Brand Abuse, Digital Fraud

How One Letter Renders Phishing Emails Undetectable

By Andre Luiz R. Silva on
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If you have been paying close attention, you’ll know that we’ve recently been discussing spear phishing, a kind of fraud that uses email sent directly to a specific person or group, and also about scams that show look-alike URLs to deceive the visitor. To make matters worse, however, we see evidence now that these two tactics are becoming intertwined. A study by Offensity showed that hidden characters in some senders’ domains are not detected by the foremost webmail services!

 

More phishing emails, with greater sophistication!


The entire Offensity study was carried out using a domain registration that used Unicode characters, which are characters that are not in the alphabet of Latin-based languages (such as ours). 

In cybersquatting scams (the ill-intentioned registration of similar domains), Unicode characters are generally taken from the Cyrillic alphabet, which is used for languages such as Russian. The heck of it is that when shown in the correct form (without viewing errors), those letters can be identical to letters in the Latin alphabet.

To carry out this email test, Offensity personnel registered a domain with the name а1.digital. At first glance, there’s nothing strange about it, right? Well, the first “a” in this domain actually comes from the Cyrillic alphabet. When read “incorrectly,” adapted to our alphabet, it appears like this:

xn--1-7sb.digital

Totally different, right? This system of character conversions that cannot be read in the Roman system/alphabet has been dubbed punycode. However, the big issue here is that very few places can make that conversion—in others, the “a” will appear normally as a character that is nearly identical to that of the Latin alphabet. 

So, you can imagine the countless possibilities in so many other domains that could confuse a person (even the most experienced in digital security!) regarding the authenticity of content. The most obvious route for a cybercriminal is, therefore, to create phishing schemes for capturing sensitive data, such as logins, passwords and credit card numbers.

 

The problem “punycode” represents for the primary webmail services


To test which emails did not display the punycode characters to the user (making him or her vulnerable to phishing scams), Offensity tested email sends and the message reply options on seven different products: Outlook (desktop and mobile), Office 365 Web, Gmail (web and mobile), Apple Mail (for iPhone) and Thunderbird (Mozilla).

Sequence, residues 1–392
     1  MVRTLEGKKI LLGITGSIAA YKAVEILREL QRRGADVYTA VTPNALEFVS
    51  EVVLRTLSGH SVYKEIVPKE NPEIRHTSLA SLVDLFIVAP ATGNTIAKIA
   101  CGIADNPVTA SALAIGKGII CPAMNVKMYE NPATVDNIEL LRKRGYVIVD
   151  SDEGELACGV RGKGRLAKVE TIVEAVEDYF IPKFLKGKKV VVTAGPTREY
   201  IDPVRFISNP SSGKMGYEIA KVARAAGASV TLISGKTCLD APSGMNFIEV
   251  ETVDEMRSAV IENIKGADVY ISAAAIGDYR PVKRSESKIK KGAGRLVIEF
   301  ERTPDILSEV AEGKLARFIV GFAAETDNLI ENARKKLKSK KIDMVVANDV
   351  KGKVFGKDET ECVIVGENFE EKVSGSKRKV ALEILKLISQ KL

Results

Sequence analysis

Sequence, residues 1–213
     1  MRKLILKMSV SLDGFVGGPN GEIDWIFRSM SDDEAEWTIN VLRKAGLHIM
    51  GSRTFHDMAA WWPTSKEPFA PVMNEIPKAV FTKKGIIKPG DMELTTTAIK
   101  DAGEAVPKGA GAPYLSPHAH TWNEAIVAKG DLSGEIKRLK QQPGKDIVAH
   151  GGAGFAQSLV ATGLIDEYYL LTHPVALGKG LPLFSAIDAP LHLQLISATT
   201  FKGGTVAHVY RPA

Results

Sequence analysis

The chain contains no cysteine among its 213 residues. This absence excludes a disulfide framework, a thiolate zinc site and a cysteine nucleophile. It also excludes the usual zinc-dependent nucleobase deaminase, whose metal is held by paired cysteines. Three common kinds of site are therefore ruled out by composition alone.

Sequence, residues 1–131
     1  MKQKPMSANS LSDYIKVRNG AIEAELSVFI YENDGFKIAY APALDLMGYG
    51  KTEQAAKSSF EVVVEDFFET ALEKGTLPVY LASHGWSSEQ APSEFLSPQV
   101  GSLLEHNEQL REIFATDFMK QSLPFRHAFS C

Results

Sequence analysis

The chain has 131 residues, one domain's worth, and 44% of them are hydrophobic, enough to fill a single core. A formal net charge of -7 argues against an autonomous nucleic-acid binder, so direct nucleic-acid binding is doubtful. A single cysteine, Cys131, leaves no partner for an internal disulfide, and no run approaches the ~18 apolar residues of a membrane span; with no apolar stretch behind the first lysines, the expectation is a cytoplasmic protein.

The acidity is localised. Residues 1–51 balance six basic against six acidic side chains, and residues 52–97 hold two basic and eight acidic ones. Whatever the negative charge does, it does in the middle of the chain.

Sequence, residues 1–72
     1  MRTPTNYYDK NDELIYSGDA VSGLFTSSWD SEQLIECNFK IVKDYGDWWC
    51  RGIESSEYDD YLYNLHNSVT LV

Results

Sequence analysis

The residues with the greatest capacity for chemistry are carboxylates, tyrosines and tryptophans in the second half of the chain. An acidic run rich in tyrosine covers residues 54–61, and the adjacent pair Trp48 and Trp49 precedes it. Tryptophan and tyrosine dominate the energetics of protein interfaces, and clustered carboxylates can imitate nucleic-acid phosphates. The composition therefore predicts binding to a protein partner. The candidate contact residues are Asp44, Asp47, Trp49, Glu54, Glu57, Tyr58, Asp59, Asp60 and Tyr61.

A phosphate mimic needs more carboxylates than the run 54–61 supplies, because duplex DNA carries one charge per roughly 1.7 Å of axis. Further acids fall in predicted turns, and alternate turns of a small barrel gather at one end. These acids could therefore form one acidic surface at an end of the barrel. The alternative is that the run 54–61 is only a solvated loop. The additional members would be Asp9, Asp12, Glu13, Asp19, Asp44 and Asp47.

Only Outlook’s mobile version and Apple Mail for iPhone showed the punycode’s genuine appearance when receiving and replying to the recipient that was using the created domain. Gmail’s web version was the only one that went half-way, unmasking the problem only when “reply” was clicked.

What, then, does all this tell us? These test results, if we do the math, show that the probability that a given user of the leading webmail services can successfully discern that the domain is falsified is only 35.7%.

 

What’s the best strategy to avoid Unicode deception?


Well, to avoid getting snagged by Unicode domains with fraudulent intentions, you need a sharper eye. Now that you know these dangers exist—and since knowledge is power—perhaps it would be a good idea to see how these characters are obtained. As easy as it is for a fraudster to get a Cyrillic character via a Google search, the reverse direction is also easy.

On a site such as Punycoder you can insert characters and phrases (or an entire text, if you’d prefer) that were written in Unicode so that they appear with the notorious “xn--” in front. But this should be the responsibility of the webmail services, as it would clearly be difficult for a user to insert all email domains received into an external “verifier,” right?


The final solution: Brand and domain protection

That’s right! A company’s good, old-fashioned concern for what’s being said or done regarding their brand must also embrace new technologies (and the cybercriminals’ updates). Considering the Unicode problems, domain monitoring is a good and necessary strategy for companies wishing to protect their reputation online.

Here’s how it works: You find a solution and/or a monitoring product that includes strategic planning for Unicode functions, and then just wait for the alerts to come the moment a domain similar to that of your brand, with any change of characters, is registered. A suggestion? Find out about Digital Brand Compliance and Digital Fraud Discovery, and see what we can do for you.

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ESPECIALISTA CONVIDADO

Eduardo Schultze, Coordenador do CSIRT da Axur, formado em Segurança da Informação pela UNISINOS – Universidade do Vale do Rio dos Sinos. Trabalha desde 2010 com fraudes envolvendo o mercado brasileiro, principalmente Phishing e Malware

AUTHOR

Andre Luiz R. Silva

A journalist working as Content Creator at Axur, in charge of Deep Space and press activities. I have also analyzed lots of data and frauds here as a Brand Protection team member. Summing up: working with technology, information and knowledge together is one of my biggest passions!